Considering the outlay you will have to make in equipment and software, training and gaining experience, 250 a day ( when you think what remains after tax, national insurance and expenses) is not a lot. If you want to earn 20k a year, it's not going to be a job you can do "cash in hand" and you can't use bootleg software either.

    Maybe I misunderstood you when you wrote that you wanted to make a living from editing. If you want to do anything more than get a few quid from the occasional wedding video, you are right in your supposition that will "need to learn this and this and this and invest in that and take this boot camp etc. before I have a serious chance of making any reasonable money"

    However... You can dip your toe in the water by approaching local videographers and asking them if they need a freelance editor.
    Last edited by Rembrandt Rob; 11-18-2015 at 04:00 PM.

  7. #7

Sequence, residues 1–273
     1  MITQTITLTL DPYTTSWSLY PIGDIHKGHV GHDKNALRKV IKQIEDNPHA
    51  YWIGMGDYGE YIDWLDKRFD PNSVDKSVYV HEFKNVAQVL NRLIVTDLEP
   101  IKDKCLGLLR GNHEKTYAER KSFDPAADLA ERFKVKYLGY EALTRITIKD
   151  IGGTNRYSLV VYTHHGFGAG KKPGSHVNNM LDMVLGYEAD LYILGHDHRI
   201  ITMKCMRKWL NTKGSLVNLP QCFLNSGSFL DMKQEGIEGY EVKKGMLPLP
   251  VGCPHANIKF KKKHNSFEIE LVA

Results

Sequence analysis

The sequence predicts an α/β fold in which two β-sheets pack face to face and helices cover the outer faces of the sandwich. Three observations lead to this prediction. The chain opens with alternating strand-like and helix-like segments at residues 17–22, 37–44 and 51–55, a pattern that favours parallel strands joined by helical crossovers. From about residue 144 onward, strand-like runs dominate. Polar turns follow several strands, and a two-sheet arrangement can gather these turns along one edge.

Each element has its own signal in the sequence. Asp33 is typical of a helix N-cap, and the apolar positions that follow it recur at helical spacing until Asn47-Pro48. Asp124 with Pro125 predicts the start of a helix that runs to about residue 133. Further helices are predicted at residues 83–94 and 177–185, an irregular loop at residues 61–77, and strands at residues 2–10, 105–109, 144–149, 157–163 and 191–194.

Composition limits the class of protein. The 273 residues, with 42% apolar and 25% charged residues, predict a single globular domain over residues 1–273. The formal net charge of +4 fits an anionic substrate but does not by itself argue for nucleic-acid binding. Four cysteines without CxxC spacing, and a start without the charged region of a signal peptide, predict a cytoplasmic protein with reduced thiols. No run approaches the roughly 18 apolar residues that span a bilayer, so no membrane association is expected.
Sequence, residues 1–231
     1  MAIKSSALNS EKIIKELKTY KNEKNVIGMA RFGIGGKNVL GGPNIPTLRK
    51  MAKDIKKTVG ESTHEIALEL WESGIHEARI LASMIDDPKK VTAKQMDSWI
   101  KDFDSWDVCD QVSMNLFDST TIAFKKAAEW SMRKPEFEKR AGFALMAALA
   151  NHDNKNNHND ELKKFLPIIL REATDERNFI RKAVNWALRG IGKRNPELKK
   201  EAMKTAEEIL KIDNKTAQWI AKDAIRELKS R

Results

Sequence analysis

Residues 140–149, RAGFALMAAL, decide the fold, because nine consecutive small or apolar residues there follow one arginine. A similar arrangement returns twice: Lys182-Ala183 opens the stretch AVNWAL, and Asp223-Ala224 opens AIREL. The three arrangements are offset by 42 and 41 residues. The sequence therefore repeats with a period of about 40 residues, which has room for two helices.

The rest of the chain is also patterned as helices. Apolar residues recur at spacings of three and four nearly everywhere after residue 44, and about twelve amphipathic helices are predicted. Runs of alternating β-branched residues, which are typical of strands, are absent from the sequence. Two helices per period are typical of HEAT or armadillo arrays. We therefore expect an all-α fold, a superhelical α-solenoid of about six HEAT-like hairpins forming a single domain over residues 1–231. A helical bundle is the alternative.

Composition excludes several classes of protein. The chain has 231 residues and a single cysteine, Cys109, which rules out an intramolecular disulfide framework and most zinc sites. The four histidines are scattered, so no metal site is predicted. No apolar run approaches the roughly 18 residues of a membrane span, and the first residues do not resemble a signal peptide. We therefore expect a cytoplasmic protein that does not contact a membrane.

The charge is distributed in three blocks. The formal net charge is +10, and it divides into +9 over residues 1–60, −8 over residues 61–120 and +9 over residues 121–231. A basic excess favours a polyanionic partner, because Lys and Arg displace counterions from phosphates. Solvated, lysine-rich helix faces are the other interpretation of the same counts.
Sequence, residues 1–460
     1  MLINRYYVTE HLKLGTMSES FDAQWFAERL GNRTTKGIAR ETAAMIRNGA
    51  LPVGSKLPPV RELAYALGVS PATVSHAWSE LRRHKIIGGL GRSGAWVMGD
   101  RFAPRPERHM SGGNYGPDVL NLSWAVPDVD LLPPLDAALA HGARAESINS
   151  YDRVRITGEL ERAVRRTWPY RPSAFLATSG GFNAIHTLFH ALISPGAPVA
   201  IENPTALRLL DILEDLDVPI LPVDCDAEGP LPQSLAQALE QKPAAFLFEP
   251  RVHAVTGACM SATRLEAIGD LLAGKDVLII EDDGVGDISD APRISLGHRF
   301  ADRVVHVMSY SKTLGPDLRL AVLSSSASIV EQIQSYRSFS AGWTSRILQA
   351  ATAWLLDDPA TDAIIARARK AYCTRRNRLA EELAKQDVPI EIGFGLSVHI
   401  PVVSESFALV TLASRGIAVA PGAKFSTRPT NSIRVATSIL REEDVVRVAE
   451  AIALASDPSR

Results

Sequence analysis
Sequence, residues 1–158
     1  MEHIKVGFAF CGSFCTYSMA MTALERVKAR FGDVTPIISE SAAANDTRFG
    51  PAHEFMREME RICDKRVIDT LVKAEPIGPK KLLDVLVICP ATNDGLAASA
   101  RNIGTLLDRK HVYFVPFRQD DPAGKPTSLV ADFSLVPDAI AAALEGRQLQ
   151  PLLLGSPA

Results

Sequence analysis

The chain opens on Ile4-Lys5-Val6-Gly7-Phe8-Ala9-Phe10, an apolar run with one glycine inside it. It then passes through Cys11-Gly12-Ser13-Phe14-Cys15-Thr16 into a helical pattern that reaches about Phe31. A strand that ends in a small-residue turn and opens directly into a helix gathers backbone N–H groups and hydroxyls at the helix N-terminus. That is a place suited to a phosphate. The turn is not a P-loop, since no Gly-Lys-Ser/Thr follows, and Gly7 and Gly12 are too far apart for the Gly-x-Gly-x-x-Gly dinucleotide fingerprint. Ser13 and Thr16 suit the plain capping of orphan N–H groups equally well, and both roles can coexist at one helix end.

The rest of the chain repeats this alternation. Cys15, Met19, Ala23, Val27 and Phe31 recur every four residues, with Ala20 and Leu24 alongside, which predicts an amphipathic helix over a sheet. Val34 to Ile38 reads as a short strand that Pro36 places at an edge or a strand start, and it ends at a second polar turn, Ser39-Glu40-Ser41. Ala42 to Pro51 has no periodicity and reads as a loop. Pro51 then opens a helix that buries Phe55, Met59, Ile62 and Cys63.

Default

    Quote Originally Posted by Rembrandt Rob View Post
    If you want to work as a commercial, pro editor, you really need to find out how professional and corporate video works.

    The producer is in charge of the production. He may employ a director but on most smaller productions he might do both jobs. Whatever, he/she has the final say on anything. It's a bit naive to assume that they will simply give you the raw material and accept what you send back to them. He will want to be there to tell you what mood, style, pacing and feel they want. What music to use (if any) and whether a cut works or not.